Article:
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No extreme bipolar glaciation during the main Eocene calcite compensation shift


Major ice sheets were permanently established on Antarctica approximately 34 million years ago1,2,3, close to the Eocene/Oligocene boundary, at the same time as a permanent deepening of the calcite compensation depth in the world’s oceans4. Until recently, it was thought that Northern Hemisphere glaciation began much later, between 11 and 5 million years ago1,2,3,5. This view has been challenged, however, by records of ice rafting at high northern latitudes during the Eocene epoch6,7 and by estimates of global ice volume that exceed the storage capacity of Antarctica8 at the same time as a temporary deepening of the calcite compensation depth 41.6 million years ago9. Here we test the hypothesis that large ice sheets were present in both hemispheres 41.6 million years ago using marine sediment records of oxygen and carbon isotope values and of calcium carbonate content from the equatorial Atlantic Ocean. These records allow, at most, an ice budget that can easily be accommodated on Antarctica, indicating that large ice sheets were not present in the Northern Hemisphere. The records also reveal a brief interval shortly before the temporary deepening of the calcite compensation depth during which the calcite compensation depth shoaled, ocean temperatures increased and carbon isotope values decreased in the equatorial Atlantic. The nature of these changes around 41.6 million years ago implies common links, in terms of carbon cycling, with events at the Eocene/Oligocene boundary4 and with the ‘hyperthermals’ of the Early Eocene climate optimum3,10,11. Our findings help to resolve the apparent discrepancy between the geological records of Northern Hemisphere glaciation6,7,8 and model results12,13 that indicate that the threshold for continental glaciation was crossed earlier in the Southern Hemisphere than in the Northern Hemisphere.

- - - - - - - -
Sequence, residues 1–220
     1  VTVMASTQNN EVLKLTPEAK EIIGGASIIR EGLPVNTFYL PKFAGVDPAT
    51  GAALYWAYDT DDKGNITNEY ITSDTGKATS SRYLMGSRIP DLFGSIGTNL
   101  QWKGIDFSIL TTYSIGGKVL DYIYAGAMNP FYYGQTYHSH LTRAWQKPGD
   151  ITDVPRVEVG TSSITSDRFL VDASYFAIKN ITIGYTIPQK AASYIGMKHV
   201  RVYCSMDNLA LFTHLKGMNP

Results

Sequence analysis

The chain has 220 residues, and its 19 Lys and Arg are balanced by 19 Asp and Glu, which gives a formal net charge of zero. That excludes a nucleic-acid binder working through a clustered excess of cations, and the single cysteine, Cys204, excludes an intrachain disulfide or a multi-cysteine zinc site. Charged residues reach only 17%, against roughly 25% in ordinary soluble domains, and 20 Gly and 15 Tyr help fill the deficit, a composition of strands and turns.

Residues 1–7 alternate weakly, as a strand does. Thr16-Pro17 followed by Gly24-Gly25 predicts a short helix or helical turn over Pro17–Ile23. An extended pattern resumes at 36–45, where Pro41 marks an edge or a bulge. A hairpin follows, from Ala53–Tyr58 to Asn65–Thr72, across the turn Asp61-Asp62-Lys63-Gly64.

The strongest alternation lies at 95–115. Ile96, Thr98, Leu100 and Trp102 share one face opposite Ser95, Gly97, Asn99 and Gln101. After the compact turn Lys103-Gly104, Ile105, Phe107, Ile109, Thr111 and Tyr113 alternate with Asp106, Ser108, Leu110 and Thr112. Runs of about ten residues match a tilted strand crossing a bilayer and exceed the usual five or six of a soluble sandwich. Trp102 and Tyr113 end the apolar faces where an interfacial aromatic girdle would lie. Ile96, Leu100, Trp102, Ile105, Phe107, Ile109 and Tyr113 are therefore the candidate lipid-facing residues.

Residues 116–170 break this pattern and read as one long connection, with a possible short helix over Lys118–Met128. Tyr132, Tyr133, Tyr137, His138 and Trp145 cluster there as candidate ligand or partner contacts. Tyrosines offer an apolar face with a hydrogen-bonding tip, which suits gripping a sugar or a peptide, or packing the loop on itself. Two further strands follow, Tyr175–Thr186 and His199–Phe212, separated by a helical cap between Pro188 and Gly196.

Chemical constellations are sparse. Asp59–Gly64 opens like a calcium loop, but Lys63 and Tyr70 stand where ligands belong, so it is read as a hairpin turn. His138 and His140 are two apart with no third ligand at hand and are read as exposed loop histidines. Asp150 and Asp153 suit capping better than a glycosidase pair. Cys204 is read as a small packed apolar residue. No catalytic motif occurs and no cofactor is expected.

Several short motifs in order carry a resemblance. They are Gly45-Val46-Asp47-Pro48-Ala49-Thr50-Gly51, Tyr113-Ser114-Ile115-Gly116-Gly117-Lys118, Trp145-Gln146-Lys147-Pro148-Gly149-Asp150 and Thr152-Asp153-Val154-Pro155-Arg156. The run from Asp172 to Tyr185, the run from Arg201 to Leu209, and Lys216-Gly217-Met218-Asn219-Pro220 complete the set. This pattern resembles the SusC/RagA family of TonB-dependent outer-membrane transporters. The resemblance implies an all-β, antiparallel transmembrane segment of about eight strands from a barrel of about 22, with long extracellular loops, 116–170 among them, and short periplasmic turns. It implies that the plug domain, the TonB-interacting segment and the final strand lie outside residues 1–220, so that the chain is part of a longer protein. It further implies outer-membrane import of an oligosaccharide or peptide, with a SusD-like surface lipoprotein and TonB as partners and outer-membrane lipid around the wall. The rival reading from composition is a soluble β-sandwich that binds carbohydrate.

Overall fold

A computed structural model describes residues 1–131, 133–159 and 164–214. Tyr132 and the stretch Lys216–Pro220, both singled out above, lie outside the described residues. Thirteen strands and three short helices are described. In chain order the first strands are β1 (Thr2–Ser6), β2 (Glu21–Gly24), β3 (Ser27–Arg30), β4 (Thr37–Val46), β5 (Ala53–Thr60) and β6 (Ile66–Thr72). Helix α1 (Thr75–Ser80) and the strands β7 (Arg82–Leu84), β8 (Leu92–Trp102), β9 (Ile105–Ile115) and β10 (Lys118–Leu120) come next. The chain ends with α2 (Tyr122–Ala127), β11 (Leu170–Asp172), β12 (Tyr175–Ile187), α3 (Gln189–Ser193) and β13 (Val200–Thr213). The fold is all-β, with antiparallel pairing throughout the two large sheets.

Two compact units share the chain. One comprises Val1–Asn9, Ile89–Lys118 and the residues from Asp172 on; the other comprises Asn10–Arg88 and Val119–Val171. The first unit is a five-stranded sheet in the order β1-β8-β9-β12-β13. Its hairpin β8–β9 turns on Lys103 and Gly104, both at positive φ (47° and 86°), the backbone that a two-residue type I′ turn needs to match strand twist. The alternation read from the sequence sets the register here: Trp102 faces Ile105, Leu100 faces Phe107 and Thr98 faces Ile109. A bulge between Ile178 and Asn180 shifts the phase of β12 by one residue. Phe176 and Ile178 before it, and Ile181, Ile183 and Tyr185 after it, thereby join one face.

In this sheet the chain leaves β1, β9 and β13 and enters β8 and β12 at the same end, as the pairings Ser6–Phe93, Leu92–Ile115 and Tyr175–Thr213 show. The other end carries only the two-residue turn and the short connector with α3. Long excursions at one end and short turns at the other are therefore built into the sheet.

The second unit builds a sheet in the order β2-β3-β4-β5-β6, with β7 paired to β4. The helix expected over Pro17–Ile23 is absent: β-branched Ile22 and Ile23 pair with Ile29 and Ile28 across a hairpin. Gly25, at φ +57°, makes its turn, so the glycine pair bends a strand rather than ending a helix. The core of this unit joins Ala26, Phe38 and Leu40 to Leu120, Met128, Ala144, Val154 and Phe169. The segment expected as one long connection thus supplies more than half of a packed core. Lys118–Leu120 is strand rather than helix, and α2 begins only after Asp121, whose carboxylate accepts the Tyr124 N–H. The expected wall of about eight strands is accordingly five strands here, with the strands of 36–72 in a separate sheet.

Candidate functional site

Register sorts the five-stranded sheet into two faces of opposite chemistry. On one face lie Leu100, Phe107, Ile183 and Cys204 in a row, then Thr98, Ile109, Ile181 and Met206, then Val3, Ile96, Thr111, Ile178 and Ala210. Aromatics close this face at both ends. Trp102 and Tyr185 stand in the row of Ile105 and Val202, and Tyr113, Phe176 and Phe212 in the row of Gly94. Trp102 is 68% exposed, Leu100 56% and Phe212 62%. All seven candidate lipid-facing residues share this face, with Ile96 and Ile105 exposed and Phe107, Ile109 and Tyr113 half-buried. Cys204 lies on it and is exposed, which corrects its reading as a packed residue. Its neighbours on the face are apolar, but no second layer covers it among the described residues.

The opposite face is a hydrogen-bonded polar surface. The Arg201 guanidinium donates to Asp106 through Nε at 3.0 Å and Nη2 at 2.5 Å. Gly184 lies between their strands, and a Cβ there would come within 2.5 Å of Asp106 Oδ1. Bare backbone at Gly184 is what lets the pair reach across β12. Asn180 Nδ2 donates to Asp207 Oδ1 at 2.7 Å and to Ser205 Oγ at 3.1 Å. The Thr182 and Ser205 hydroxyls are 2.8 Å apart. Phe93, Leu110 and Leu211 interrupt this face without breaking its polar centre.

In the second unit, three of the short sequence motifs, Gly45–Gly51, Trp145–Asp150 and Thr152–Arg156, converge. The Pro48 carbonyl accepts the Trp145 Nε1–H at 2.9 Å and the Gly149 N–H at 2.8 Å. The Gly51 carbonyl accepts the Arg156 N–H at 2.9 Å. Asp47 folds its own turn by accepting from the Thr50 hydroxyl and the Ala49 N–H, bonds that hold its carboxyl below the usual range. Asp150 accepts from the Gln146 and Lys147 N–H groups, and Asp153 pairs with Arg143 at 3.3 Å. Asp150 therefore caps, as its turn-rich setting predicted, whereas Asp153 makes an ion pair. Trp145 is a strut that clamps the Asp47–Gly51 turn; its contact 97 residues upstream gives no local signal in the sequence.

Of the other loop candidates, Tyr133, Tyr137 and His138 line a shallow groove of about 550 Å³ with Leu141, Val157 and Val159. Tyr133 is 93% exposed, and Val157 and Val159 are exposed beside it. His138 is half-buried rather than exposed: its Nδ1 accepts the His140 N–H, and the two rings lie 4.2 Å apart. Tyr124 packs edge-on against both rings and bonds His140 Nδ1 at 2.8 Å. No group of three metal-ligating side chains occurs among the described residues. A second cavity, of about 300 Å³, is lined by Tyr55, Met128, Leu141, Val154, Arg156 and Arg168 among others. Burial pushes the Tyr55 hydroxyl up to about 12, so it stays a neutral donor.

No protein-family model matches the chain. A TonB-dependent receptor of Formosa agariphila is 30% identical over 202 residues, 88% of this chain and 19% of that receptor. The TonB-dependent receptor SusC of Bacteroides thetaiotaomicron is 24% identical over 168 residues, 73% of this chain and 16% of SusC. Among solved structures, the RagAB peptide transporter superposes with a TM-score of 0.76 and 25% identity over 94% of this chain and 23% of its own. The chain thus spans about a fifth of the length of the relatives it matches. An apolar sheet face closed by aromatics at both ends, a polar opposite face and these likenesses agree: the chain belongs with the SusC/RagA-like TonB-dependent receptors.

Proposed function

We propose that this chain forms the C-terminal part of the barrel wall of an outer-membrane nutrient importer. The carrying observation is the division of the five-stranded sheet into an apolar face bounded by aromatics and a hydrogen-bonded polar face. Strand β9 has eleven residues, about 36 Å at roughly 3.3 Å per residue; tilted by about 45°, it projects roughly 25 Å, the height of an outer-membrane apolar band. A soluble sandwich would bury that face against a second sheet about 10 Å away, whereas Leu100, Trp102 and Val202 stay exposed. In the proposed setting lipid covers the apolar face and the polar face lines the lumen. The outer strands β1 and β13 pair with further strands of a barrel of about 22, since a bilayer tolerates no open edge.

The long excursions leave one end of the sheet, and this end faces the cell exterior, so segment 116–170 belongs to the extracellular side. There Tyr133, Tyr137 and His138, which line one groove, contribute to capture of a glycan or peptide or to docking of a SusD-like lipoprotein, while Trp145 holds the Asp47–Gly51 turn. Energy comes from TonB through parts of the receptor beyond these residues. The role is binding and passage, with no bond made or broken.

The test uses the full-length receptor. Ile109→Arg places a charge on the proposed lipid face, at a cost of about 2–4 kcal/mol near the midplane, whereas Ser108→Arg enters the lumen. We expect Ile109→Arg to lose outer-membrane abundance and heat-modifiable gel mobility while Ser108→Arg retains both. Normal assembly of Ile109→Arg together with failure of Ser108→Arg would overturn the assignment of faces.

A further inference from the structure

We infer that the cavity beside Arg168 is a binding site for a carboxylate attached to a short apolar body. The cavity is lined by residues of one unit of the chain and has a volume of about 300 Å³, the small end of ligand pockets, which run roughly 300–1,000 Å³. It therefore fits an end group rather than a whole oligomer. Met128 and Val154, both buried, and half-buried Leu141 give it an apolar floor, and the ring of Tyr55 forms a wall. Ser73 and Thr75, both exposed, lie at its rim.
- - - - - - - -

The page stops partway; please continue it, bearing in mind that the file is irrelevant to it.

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Figure 1: Palaeoceanographic records showing changes in ocean chemistry and global climate.
Figure 2: Measured increases in δ18O in benthic foraminifera (Δδ18Obenthic) and resulting global continental ice volumes for a range of values for the mean δ18O of stored ice (δ18Oice).
Figure 3: Palaeoceanographic records from ODP Site 1260 showing the run-up to CAE-3.

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This work used samples provided by the Ocean Drilling Program (ODP). The ODP (now IODP) is sponsored by the US National Science Foundation and participating countries under management of the Joint Oceanographic Institutions (JOI), Inc. We thank the shipboard party of ODP Leg 207, M. Bolshaw, M. Cooper and D. Spanner for help with laboratory work, H. Pälike for making data available; S. Gibbs, K. Moriya, H. Pälike, A. Roberts and T. Tyrrell for discussions and comments on an earlier draft and R. Zeebe for his constructive review. Financial support was provided by NERC in the form of a UK IODP grant to P.A.W. and P.F.S and by NERC and Perkin Elmer in the form of a CASE studentship to K.M.E.

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Correspondence to Paul A. Wilson.

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Edgar, K., Wilson, P., Sexton, P. et al. No extreme bipolar glaciation during the main Eocene calcite compensation shift. Nature 448, 908–911 (2007).

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